Liturgical Colour : Red
Dear brothers and sisters in Christ, today we mark the occasion of the Feast of the Holy Innocents, remembering the Holy Innocents of Bethlehem, all the infants aged two and below that had been massacred by King Herod the Great in his futile efforts and attempts to destroy the infant King of Israel, the One Who was prophesied by the prophets to come into this world and Who would rule over the people as King. King Herod henceforth feared that his rule and power would be taken over from him and his family, and handed over to this new King, and hence, he tried to eliminate Him no matter what.
Contextually, we can understand his actions better if we know more about how King Herod the Great rose to power. He was born as the son of Antipater the Idumaean, a high ranking official in the Jewish Hasmonean kingdom hailing from the region south of Israel known then as Idumaea or the ancient Edom, the neighbouring state bordering the land of Israel. According to historical traditions, the ancestors of Herod had converted to the Jewish faith, and dwelled among the descendants of Israel in Judea. Nonetheless, as he owed his rise to power to the assistance and support of the Romans, he has always felt insecure in his power and rule.
Why is that so, brothers and sisters in Christ? That is because he could be considered as a usurper, having usurped the rightful rule over Judea and the other traditional lands of Israel from the Hasmonean kings, the descendants of the Maccabees who won independence for the Jewish people a century prior. King Herod seized power from the last of the Hasmonean kings and forcibly took one of the Hasmonean princesses as his wife. And his rule in Judea and beyond was characterised with its megalomaniac nature and immense building projects, such as the rebuilding of the Second Temple of Jerusalem, henceforth known colloquially as Herod’s Temple, and also other major buildings such as the Herodion and many others.
Herod’s preoccupation with building such grand scale projects was a reflection of his great fear of being treated as a usurper, and as a usurper indeed he was, he feared that one day his rule and kingdom would be overcome by anyone who would contest his power and authority, being someone with greater claim to the kingship than himself. Hence, it was no wonder that the moment King Herod heard about the coming King of Israel through the three Wise Men or Magi that he began to do all that he could to find out more about the coming King, the Messiah of God, and later on, in his attempts to eliminate this threat to his rule.
Herod the Great’s paranoia and determination to hold onto power no matter what the cost ultimately caused him to commit the great and heinous sin of murder, as he ordered the murder of so many innocents in Bethlehem just that he might destroy his opponent, the newborn King of Israel. He ordered his men to commit such great murders, shedding the blood of the innocent children in order to secure his own power and authority, because he was only interested in maintaining his own glory and kingdom, and caring not for the plight of those whose lives he had destroyed, whose family members he had killed.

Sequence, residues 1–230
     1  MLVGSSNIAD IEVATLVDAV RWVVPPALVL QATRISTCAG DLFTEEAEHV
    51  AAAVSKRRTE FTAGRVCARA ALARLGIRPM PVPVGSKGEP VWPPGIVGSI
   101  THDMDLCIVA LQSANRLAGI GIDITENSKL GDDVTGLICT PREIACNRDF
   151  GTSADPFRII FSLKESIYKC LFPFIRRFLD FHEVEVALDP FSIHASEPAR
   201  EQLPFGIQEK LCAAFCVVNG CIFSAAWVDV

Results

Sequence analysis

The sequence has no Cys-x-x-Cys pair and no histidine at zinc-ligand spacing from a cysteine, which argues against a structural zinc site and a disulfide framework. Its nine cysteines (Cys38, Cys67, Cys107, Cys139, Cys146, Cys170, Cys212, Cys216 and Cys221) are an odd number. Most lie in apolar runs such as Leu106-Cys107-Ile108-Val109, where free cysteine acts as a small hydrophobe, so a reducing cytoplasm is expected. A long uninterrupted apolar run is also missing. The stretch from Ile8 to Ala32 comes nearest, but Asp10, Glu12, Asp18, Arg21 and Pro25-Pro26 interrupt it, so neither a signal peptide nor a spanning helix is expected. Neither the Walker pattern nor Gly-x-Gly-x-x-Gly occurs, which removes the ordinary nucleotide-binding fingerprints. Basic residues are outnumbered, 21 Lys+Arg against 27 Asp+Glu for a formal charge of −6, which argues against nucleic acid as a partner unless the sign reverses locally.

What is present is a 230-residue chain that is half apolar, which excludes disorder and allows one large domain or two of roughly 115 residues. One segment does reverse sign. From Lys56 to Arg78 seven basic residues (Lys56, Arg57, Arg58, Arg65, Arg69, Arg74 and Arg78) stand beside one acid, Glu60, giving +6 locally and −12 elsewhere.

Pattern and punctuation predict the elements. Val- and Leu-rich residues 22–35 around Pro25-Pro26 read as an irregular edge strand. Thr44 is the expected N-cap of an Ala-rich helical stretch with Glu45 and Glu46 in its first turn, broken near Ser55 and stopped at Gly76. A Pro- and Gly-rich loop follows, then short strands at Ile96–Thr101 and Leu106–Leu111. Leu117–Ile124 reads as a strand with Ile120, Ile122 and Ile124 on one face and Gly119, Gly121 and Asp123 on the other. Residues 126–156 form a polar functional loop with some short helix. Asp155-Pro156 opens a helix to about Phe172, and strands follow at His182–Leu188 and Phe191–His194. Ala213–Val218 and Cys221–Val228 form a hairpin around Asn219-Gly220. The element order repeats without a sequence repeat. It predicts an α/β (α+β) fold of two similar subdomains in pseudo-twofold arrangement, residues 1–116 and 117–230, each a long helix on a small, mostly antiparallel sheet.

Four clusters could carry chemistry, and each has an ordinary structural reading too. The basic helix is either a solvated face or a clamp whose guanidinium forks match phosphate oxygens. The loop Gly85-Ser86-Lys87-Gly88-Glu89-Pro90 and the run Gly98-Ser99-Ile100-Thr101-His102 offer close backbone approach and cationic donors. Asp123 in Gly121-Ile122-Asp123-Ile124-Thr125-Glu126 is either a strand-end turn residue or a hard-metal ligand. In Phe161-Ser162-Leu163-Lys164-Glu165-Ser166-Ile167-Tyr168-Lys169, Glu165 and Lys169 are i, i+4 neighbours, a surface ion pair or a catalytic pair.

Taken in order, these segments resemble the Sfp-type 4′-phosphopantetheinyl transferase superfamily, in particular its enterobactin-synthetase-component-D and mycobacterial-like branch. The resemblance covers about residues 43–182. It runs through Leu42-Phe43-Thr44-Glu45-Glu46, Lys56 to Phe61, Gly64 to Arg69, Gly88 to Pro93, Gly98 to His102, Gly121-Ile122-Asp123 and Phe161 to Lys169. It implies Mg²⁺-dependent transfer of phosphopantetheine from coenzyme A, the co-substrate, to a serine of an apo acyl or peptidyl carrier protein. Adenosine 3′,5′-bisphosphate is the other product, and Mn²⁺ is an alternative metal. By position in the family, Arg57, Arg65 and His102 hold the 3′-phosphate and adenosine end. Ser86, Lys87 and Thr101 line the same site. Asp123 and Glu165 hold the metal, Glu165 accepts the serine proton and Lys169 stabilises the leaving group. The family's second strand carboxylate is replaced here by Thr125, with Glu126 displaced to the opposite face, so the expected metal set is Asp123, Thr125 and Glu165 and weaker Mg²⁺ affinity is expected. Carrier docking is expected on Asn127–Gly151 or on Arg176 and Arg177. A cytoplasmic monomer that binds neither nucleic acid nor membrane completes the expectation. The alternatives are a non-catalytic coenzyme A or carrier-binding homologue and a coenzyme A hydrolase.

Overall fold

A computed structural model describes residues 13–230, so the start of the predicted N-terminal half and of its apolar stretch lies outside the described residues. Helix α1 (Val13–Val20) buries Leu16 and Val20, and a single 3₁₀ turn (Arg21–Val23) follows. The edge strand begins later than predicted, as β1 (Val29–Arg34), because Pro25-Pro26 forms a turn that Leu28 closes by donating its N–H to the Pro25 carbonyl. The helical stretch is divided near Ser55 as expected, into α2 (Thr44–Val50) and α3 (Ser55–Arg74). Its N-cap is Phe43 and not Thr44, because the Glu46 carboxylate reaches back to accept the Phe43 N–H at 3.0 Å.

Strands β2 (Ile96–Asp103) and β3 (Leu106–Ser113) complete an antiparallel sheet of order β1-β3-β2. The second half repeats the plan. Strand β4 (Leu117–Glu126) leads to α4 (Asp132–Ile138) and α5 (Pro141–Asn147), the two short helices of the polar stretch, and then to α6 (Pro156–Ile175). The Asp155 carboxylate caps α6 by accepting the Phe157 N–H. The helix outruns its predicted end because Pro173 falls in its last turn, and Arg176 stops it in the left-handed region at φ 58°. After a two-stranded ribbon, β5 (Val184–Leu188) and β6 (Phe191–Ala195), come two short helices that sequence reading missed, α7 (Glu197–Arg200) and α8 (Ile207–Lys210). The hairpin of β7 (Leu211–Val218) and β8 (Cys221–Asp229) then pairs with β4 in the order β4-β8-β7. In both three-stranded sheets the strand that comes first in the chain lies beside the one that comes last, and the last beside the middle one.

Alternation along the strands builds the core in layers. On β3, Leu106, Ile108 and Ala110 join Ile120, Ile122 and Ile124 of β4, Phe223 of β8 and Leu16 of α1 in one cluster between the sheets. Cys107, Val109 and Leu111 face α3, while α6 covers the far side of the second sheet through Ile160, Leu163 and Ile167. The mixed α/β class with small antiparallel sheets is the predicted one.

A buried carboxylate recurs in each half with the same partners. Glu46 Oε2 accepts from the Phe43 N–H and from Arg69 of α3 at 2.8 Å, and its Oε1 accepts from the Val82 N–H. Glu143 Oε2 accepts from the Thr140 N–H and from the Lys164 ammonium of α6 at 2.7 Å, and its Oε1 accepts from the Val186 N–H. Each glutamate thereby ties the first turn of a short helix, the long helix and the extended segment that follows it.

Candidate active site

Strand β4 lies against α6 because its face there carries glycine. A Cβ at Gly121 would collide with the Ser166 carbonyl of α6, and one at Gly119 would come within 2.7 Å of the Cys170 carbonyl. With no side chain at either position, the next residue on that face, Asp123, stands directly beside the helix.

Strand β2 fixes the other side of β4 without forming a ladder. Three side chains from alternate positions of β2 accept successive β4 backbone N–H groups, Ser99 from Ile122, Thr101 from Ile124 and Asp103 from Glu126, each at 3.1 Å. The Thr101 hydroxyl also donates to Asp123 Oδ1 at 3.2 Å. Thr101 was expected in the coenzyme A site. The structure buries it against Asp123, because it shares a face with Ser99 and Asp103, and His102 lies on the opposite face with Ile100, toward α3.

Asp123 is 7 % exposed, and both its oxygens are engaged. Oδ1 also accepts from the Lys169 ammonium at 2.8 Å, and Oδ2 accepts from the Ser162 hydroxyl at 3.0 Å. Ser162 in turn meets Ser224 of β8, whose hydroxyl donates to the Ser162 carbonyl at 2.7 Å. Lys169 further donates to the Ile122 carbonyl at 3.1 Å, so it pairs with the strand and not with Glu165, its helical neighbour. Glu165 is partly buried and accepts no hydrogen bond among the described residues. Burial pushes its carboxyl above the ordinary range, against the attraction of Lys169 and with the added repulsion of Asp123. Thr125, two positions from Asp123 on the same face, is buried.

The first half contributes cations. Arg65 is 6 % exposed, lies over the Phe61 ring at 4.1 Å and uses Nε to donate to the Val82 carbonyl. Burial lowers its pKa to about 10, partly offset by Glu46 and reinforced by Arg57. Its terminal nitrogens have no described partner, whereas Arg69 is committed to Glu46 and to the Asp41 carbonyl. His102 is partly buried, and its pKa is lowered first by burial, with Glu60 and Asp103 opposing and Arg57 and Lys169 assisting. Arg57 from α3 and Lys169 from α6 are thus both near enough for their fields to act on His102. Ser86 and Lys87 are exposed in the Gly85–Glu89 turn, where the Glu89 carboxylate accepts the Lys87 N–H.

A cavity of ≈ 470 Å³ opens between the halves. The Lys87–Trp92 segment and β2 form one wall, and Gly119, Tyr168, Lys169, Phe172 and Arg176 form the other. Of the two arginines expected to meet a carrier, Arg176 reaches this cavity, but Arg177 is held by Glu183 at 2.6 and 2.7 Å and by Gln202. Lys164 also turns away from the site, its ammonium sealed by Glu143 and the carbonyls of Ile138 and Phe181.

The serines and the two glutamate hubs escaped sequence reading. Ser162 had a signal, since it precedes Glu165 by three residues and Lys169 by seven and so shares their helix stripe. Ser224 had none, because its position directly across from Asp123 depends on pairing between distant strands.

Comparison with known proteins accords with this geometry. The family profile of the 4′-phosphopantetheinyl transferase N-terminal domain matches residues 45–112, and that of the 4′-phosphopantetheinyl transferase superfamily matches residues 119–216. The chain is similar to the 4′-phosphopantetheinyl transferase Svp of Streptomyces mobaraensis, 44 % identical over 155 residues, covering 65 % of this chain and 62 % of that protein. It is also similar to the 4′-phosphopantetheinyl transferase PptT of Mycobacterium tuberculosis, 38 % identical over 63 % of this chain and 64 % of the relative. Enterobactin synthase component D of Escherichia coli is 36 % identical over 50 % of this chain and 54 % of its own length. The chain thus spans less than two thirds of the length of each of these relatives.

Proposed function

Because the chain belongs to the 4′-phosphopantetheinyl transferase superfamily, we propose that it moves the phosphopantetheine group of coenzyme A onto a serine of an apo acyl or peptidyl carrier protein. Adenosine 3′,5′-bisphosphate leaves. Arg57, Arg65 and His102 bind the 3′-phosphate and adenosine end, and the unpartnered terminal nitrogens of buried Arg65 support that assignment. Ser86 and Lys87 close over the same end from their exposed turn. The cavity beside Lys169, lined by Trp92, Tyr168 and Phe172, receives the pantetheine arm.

Brothers and sisters in Christ, through this historical example of the massacre of Bethlehem, we are all called to reflect on the dangers presented by sin on our daily living, for sin can easily corrupt us and mislead us down the wrong path, and cause us to succumb to evil deeds like what King Herod had done. That is how many of us had sinned and how many of our predecessors have fallen into sin, and even into damnation because of their inability to resist the allures of sin. Some of us even perhaps deny that we have sinned, and how everything we have done can be justified, for our own purposes and needs.
As St. John stated in his Epistle that we heard as our first reading today, we deceive ourselves if we say that we have no sin. All of us are sinners and the Lord alone has the power to forgive us and free us from the bondage of sin. That He has done, and He has come into this world, incarnate and born in the person of Jesus Christ, Our Lord and Saviour as we celebrate in this Christmas season. He has shown us the way out of the darkness and into His new Light, and what we need to do is for us to follow Him, reject sin and refuse to allow ourselves to be swayed by it.
As Christians, all of us should look up to Christ, the True Light and Hope that God has brought upon us and that He has given to us, as the manifestation of His love for each one of us. Let us all remember the memory of the Holy Innocents of Bethlehem, holy and innocent martyrs of mankind’s greed and ambition, which had led to so much sufferings, pains and sorrows, as they abused the freedom given to them, the authority and power entrusted to them as Herod the Great himself had done. Let us all not fall to the same temptations and let us do whatever we can to follow the Lord wholeheartedly, committing ourselves to His cause from now on.
May God bless us all, and may He strengthen us in our faith, that we may always aspire to be better Christians, in all things and in all deeds. Let us all distance ourselves from sin, and be good role models for each other. Holy Innocents of Bethlehem, martyrs of purity and virtue, pray for us all, your fellow brothers and sisters, now and always. Amen.